Friar risked all to denounce the Inquisition

Stephen O’Shea, The Friar Of Carcassonne: Revolt Against the Inquisition in the Last Days of the Cathars

 

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Bernard Délicieux, the delightfully named Franciscan friar who is the hero, albeit a flawed hero, of this book was a native of Montpellier. 

He entered the province of Provence of the Friars Minors in 1284. At considerable cost to himself, he fought the excesses of the papal Inquisition in its campaign against the Cathars, a dissident movement in southern France.

Stephen O’Shea, the author of an earlier work on the Cathars, has rescued Délicieux from relative obscurity by tracing his efforts to defend the innocent victims of the ecclesiastical repression of heresy.

The special object of Délicieux’s ire was the Friars Preachers, or Dominicans, who were mainly responsible for implementing the Inquisition. He accused them of using tainted and unreliable evidence in their judicial proceedings.

One of the most notorious buildings in the city of Carcassonne, where Délicieux was a popular preacher, was the Wall, the popular name for the prison where the Dominicans incarcerated suspected heretics.

Not even the dead escaped the attention of the methodical friar-bureaucrats who staffed the Inquisition. There were instances where they exhumed the bodies of deceased suspects and consigned them to the flames.

O’Shea is a gifted storyteller who seems unencumbered by the occupational addiction of some historians to whisper to one another about esoterica in the footnotes. He has a good story to tell and he tells it well.

Délicieux was a multitalented character who could rouse the local populace with demagogic sermons in their native langue d’oc, and deliver a polished appeal for royal intervention against the Inquisition to King Philip the Fair in the langue d’oïl of northern France.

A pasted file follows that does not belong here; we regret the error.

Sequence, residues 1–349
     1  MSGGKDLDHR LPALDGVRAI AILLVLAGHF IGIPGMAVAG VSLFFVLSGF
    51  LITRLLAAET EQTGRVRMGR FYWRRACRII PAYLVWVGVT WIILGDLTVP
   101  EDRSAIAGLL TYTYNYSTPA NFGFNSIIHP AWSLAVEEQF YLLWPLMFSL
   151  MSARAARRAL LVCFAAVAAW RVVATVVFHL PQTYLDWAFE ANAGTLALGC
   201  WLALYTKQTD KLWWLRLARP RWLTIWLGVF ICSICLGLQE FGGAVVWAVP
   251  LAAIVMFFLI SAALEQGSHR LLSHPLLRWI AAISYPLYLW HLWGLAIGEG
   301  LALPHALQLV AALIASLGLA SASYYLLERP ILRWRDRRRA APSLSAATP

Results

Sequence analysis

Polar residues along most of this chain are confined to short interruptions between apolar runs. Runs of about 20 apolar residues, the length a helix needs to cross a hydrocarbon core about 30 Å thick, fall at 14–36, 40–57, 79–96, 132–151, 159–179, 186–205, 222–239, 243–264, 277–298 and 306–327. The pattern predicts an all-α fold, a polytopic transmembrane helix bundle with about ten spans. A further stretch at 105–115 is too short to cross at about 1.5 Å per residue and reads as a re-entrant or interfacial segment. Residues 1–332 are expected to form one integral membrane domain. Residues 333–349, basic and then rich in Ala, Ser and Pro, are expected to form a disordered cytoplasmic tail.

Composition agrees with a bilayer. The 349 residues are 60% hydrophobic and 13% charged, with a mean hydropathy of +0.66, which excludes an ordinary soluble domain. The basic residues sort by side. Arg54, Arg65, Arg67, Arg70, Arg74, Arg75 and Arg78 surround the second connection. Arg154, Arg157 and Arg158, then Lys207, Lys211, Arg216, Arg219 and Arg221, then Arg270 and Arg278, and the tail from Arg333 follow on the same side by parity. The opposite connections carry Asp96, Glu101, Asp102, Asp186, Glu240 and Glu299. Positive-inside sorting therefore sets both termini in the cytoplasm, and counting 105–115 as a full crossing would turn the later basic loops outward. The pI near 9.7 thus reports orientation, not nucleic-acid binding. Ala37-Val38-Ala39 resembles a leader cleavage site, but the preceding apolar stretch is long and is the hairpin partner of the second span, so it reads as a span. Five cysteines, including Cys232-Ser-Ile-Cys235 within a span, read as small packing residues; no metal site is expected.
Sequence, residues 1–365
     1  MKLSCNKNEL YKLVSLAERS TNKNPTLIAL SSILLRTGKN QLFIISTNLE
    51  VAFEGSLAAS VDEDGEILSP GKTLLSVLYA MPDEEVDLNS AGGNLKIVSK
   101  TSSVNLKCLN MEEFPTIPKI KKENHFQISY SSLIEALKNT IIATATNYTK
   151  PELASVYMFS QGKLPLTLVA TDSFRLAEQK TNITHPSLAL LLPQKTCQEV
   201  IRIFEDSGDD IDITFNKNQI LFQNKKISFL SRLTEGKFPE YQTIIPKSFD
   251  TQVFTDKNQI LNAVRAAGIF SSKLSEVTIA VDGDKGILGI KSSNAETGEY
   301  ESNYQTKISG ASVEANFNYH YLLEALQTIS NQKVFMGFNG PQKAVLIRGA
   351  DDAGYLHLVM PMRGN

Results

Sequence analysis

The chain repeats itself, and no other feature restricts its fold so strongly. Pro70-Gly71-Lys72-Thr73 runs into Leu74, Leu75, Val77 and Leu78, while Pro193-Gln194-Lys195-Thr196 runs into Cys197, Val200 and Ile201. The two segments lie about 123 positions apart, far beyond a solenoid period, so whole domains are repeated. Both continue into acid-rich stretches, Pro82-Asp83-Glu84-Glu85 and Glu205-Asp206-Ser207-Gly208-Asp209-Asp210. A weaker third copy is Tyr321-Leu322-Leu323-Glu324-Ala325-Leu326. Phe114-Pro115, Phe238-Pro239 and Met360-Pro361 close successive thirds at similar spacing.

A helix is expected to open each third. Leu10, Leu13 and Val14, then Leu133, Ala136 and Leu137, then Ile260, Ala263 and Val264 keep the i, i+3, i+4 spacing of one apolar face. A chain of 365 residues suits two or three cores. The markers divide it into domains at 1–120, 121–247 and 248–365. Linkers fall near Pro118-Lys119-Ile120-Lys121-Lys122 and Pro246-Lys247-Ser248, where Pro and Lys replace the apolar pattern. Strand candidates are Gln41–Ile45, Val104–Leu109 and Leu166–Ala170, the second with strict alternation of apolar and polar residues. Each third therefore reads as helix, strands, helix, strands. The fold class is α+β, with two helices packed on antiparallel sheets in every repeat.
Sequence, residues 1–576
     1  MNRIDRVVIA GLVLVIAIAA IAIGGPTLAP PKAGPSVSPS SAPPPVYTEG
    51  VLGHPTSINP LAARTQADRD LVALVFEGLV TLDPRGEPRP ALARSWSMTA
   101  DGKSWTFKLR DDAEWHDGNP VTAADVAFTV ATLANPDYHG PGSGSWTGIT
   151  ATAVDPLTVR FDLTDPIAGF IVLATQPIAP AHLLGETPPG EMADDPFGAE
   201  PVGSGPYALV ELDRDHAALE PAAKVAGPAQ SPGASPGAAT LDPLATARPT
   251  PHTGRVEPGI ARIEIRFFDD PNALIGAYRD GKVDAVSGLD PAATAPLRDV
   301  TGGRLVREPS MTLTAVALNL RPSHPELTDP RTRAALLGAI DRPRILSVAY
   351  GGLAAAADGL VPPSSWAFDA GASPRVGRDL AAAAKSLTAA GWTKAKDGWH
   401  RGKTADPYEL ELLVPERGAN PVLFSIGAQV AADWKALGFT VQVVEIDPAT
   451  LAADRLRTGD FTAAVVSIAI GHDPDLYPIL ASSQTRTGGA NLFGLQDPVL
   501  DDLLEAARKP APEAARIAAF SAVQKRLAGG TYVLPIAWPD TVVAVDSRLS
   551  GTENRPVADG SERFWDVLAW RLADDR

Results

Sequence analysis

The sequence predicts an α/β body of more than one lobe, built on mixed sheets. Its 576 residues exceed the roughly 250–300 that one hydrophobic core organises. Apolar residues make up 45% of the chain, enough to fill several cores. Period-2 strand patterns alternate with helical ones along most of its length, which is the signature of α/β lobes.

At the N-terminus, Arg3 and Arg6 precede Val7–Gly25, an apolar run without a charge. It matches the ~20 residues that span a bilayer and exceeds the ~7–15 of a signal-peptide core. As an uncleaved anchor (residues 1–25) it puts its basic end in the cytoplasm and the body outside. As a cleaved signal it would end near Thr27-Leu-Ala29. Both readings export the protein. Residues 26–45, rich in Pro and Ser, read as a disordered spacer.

He could charm cardinals as they wandered through southern France with the peripatetic papal court, win the favor of Pope Clement V and elude the clutches of the vindictive Dominican pope Benedict XI, whose aversion to him Délicieux more than reciprocated.

When Délicieux’s prediction of the impending death of Benedict XI came true, some hailed him as a prophet, while others accused him of making the prophecy come true by poisoning the pope.

No one will mistake this book for hagiography. O’Shea presents Délicieux with the warts fully visible, which makes his portrait all the more convincing and makes the wily friar “with feet of clay” all the more human and sympathetic.

FULL ARTICLE:

Profile in Courage (America)

LINKS:

Stephen O’Shea

Bernard Délicieux (French Wikipedia)

 

Click here for a 20% discount on this and other books from Church Resources and John Garrett Publishing

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